“I don’t know where to start.”
“Why don’t you just tell the story of my wrist dislocating?”
That’s a story for later. To start, I want to say that there are many factors that go into making any relationship work. Communication is definitely one of those factors, but to be frank, I suck at it. I do believe, however, that I am better at it than I was about a year and a half ago when I met my current partner—we’ll refer to him as Cam for the sake of this article.
Cam and I met in Sept. 2019 at a welcome week event. He was with some people I met at another event the day before, and when I went to introduce myself, he signed something in American Sign Language (ASL). Taken aback, I froze. Although he asked me what my name was, my brain did not know what to do with the fact that he signed to me.
There were definitely misconceptions and biases I had to check going into this relationship. My lack of knowledge regarding gender, sexuality and ability—some of which I’ll talk about here—showed.
Cam identifies as disabled and transgender. He’s hard of hearing and has PTSD, dyslexia, Mast Cell Activation Syndrome (MCAS), Postural Orthostatic Tachycardia Syndrome (POTS) and recently received an official diagnosis for Ehlers-Danlos Syndrome (EDS), along with having a few more mental illness diagnoses. To keep up morale, sometimes we like to joke and say that he’s slowly working toward checking off every box of his disability bingo card.
Disability and relationships
Coming into this relationship, I never thought about the ways in which disability affects relationships.
“When we talk about disability, people don’t see disabled people as human,” Cam said. “They don’t see them as people capable of forming relationships.”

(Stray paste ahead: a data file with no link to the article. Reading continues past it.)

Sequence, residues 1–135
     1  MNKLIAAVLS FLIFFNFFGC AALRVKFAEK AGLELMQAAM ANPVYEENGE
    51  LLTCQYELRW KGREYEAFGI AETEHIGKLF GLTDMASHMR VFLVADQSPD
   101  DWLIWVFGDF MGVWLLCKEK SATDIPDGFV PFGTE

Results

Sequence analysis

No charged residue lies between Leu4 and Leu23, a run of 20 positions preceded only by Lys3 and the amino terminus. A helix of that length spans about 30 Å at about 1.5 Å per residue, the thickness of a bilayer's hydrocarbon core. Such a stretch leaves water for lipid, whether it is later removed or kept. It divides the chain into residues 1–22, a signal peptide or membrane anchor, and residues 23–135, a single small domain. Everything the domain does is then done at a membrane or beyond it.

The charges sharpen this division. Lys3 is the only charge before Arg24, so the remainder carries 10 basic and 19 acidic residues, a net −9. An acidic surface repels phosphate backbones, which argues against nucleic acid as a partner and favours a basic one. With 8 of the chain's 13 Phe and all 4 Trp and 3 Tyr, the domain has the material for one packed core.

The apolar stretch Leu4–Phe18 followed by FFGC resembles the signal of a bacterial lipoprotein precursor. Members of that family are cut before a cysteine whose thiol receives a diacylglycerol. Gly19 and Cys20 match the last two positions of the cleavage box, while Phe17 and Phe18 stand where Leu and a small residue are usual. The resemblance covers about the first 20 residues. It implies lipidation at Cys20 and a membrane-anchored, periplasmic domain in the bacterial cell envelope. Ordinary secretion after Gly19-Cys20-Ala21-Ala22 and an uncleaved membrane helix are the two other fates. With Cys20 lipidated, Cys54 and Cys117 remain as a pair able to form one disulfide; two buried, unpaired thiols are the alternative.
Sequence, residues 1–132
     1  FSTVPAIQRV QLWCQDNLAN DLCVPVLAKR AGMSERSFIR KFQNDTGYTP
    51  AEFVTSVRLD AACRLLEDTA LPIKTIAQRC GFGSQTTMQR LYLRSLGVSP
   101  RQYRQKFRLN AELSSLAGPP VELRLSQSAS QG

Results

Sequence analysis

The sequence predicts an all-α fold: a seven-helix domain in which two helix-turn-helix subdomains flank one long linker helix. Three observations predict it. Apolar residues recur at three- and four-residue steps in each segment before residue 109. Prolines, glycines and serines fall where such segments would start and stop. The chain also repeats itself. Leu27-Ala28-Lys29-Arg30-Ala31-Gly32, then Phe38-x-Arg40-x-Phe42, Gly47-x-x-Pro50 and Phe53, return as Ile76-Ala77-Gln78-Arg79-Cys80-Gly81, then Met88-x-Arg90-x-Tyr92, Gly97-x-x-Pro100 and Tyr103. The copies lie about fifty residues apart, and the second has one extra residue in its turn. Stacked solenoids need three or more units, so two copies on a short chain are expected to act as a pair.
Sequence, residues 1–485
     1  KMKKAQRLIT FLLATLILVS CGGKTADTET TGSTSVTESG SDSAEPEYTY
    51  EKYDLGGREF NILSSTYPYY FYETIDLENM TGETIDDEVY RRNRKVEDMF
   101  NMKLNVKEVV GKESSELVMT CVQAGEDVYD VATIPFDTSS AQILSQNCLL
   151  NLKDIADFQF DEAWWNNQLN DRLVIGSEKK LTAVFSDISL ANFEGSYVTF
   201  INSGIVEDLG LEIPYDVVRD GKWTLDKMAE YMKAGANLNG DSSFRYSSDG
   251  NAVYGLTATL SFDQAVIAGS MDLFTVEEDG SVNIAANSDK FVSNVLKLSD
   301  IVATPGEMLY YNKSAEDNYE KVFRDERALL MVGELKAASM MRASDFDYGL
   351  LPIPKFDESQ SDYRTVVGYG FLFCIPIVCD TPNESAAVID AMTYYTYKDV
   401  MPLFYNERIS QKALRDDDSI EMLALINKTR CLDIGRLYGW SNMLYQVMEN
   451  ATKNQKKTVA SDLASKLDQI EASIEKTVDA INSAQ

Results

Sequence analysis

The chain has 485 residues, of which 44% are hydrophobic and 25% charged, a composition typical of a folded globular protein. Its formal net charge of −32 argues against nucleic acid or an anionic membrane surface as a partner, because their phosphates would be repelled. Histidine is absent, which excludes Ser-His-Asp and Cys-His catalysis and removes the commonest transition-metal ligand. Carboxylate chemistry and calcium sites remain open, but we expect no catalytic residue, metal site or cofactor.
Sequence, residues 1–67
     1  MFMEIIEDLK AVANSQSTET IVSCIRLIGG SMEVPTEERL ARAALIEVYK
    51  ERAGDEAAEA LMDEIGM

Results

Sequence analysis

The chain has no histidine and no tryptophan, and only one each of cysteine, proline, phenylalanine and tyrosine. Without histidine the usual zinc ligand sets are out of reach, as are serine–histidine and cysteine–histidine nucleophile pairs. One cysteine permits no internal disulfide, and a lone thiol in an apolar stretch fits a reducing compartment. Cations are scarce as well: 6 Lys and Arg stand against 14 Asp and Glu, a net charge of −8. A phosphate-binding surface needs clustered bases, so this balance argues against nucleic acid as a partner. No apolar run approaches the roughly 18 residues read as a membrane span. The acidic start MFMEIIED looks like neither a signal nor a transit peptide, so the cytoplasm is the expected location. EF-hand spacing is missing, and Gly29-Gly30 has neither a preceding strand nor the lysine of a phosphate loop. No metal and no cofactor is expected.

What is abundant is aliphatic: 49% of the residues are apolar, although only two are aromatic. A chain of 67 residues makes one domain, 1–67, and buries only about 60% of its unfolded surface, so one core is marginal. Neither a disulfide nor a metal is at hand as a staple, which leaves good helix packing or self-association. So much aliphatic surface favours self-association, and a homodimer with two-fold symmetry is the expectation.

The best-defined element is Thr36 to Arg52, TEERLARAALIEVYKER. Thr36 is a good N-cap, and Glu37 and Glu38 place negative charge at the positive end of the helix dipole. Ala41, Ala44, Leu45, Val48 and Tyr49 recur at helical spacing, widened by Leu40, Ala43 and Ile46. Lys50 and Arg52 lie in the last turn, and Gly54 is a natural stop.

There are a lot of stereotypes—and both unconscious and conscious biases—that people from any marginalized group or identity face. People often associate disability with people not wanting relationships or not being capable of being in a relationship.
“Also, a lot of times if a person’s disabled, the other person doesn’t necessarily become a caretaker, but in a way becomes a caretaker,” Cam said. “It is not meant to be that way, but it just kind of happens.”
Here’s where the wrist story comes into play.
The night before I was set to move out and head home last summer, Cam and I were hanging out and his wrist dislocated. Dislocations are common for people with EDS, but it had never happened to this extent while we were together. Fast forward through the hours in the emergency room, less-than-phenomenal care and COVID-19 guest restrictions, I walked away formally in OHSU’s database as his caretaker—a label I never expected as a college student.
Gender is a funny thing
To be completely honest, from our first encounter, other than knowing about his fluency in ASL—and later, his hearing loss—I didn’t know too much about health concerns before we got together. My biggest concern, therefore, was possible misconceptions about gender.
“Gender is weird,” Cam said. “I get really dysphoric sometimes which I feel affects my relationships even though I don’t want it to.”
I’ve learned that, although I probably will never fully comprehend dysphoria, I need to be present and listen. I need to actively listen even in situations that I don’t truly understand or would typically get frustrated by.
As a cis person, I’m not going to sit here and complain about how hard it is to date a non-cis person. It’s not a burden, and isn’t actually much different than any other relationship. Listen to them and see what they need.
Making it work
“I think it’s important that people know that communication has to be stronger when you are dating someone with different identities,” Cam said. “That’s so that you can make sure you are not triggering or causing more harm. You need to make sure you know what is okay and what is not okay and how to make sure that if something were to happen, you kind of know the safety plan.”
Remember when I said my communication skills suck?
Just like any other relationship, consent and communication are key, so I am working on it. What people are okay with may change depending on the situation, so taking the time to check-in is incredibly important.
I’ve learned that the more you ask, the fewer awkward and potentially harmful situations you have to get into later. Sometimes it took us sitting in awkward silence for what felt like forever in order for me to get the words out to ask questions; however, taking that time was the best thing I could have done.